Crunchy BBQ crickets

The team tuck into some BBQ-flavoured insects...
04 August 2020

Interview with 

Tristan Welch, Parker's Tavern; Eleanor Drinkwater; Jane Parker, Reading University


photo of a cricket on a branch


For the first course - cake and sausages! For the second course - crickets! Chef Tristan Welch, bug expert Eleanor Drinkwater and Chris Smith tuck in at the Naked Scientists' BBQ...

Chris -Eleanor, one of the reasons that you said you'd join our barbecue - because we're eating barbecue food, etc., and talking about the science of it - is you said you're going to bring us some barbecued insects.

Eleanor - Yes, I have them right here. I have salted toffee crunch roasted crickets, salt and vinegar roasted crickets, and smoky barbecue roasted crickets.

Chris - You game Tristan?

Tristan - Well, I didn't think crickets was that. But of course, absolutely. I'm completely up for it. I've never tasted bugs before other than snails.

Eleanor - Which flavour?

Tristan - Salt and vinegar please! That's my poison...

Chris - Go on then. I'll have the barbecue one since we're doing barbecue. So they're in a nice little packet...

Tristan - Oh my goodness, look at that!

Eleanor - Yeah!

Chris - Okay. So I'm just opening the packet.

Tristan - It looks like a load of bugs have got into your crisps. How do they make them crispy? Do they oven roast them, or fry them, or...

Chris - Yeah how do they make them? And why are we eating insects?

Eleanor - Sorry. I've got a mouthful of bugs.

Chris - They're quite nice, actually. I'll have another one.

Eleanor - Yeah, they are! They are really good. Eating insects is absolutely brilliant for the environment. So they're very good for you, they're very high in protein, very low in fats and that kind of thing. But then on top of that, they are very good because you hardly need any water to produce invertebrates. They're very, very efficient at turning food and water into protein. They're great for the environment. So everyone should think about trying them.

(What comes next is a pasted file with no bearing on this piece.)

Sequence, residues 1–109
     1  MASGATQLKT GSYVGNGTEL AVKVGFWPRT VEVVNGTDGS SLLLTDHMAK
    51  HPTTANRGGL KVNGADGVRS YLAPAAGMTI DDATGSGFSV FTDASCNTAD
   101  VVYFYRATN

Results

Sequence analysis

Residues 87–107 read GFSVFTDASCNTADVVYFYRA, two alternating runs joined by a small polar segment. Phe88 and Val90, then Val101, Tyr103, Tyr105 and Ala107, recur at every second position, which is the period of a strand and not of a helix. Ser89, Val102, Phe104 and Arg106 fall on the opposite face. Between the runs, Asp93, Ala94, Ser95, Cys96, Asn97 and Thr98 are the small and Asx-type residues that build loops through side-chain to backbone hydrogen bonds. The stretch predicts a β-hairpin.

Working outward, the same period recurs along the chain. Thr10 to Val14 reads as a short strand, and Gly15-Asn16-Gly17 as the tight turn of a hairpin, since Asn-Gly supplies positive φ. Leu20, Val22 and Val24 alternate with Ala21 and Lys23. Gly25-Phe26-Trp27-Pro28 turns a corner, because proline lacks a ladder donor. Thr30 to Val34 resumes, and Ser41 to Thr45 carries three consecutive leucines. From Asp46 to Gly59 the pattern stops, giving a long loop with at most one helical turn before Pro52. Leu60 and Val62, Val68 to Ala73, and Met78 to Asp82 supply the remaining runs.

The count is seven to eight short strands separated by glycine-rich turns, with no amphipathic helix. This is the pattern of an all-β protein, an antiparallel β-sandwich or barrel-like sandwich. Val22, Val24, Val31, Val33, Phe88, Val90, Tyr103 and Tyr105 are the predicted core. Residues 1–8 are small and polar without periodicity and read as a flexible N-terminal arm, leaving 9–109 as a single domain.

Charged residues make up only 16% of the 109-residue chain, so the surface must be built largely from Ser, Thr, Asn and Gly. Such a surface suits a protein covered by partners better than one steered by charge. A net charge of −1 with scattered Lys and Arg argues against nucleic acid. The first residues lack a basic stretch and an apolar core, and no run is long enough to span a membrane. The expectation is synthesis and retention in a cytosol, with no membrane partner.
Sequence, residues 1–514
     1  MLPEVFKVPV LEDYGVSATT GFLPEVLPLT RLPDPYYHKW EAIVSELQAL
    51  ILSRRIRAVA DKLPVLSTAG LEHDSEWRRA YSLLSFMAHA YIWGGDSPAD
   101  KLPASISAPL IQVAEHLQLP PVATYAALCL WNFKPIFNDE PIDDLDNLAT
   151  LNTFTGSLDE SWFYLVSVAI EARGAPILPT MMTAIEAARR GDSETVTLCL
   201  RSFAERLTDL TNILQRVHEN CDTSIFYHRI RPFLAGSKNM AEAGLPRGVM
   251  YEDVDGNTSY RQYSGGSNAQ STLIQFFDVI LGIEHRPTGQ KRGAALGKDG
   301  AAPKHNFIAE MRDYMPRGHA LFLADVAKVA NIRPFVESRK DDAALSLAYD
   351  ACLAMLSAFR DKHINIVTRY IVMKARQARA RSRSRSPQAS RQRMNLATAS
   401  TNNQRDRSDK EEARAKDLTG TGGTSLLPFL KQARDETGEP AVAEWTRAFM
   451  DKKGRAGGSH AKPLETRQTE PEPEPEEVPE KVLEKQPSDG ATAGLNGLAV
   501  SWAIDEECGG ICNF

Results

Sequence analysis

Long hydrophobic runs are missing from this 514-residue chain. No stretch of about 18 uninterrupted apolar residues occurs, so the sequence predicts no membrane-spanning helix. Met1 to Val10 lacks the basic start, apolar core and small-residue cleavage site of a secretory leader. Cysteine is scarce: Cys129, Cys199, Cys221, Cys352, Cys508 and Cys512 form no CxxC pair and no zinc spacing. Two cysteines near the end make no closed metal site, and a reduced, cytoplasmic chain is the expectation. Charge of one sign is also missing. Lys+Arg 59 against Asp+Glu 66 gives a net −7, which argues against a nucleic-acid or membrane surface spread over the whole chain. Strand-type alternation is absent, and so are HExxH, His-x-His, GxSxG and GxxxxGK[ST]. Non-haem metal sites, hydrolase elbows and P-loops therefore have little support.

Chris - It has been catching on though, hasn't it? Because you can rear insects on the kinds of foods that actually wouldn't make it onto the supermarket shelves. So they can turn what would be trash into sort of nutritional treasure, in some respects.

Eleanor - Yeah definitely, definitely. And you have to remember that they're eaten all over the world, it's a very common thing to eat invertebrates. We're just very odd in the UK to not have entered into that. So actually we keep catching up with the times.

Chris - Serve these in your restaurant, Tristan?

Tristan - Not just yet, no. Could you imagine the crickets running around the kitchen? That'd be hilarious, wouldn't it, Oh god, we'd probably get shut down, I don't know! These are roasted? And they taste quite nice, they're crispy! Do you know, I think I'm coming around to it. It's not terribly bad, is it?

Eleanor - You mean it's fabulous? "Not terribly bad" - it's fabulous!

Chris - They are actually very pleasant, I'm very impressed. And Eleanor, thank you for introducing me to them. I would not eschew a cricket in the future.


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